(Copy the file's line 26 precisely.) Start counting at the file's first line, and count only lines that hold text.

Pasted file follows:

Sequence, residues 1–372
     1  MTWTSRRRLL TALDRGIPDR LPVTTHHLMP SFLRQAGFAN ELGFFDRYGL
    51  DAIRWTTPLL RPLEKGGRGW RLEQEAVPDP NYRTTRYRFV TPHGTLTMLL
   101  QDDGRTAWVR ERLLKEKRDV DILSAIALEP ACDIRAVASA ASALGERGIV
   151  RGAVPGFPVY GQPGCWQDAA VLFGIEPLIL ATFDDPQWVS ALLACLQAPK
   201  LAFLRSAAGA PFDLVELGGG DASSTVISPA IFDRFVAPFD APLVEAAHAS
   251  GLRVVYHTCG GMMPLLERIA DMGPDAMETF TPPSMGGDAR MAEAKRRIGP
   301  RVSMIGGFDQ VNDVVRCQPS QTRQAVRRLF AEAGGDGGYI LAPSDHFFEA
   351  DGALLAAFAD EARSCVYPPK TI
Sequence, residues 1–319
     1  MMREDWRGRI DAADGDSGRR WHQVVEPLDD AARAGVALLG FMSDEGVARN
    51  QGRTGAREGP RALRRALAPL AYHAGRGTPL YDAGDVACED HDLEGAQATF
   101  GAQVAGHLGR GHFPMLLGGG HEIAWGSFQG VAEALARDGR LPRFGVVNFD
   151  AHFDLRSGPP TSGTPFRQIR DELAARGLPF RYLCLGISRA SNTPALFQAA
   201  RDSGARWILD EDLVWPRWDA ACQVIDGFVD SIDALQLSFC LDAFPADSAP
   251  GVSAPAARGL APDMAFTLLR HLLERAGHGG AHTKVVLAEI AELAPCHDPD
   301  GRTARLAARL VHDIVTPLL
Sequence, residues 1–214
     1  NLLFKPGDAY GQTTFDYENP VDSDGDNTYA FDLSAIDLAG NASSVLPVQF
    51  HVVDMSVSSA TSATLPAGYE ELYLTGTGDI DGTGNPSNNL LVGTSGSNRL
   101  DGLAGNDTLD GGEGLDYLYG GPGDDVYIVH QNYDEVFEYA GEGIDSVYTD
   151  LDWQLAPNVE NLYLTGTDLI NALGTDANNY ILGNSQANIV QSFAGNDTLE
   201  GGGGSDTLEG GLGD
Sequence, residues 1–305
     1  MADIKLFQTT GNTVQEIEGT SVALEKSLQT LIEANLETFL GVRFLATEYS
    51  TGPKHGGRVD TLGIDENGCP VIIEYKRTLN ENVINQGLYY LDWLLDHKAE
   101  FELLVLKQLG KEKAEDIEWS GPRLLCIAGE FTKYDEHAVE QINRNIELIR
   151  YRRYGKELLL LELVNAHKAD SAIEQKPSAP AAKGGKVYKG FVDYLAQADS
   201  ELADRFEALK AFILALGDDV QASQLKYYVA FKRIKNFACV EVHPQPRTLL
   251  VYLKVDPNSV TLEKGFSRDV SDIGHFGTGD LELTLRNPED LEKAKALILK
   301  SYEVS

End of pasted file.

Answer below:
    51  TGPKHGGRVD TLGIDENGCP VIIEYKRTLN ENVINQGLYY LDWLLDHKAE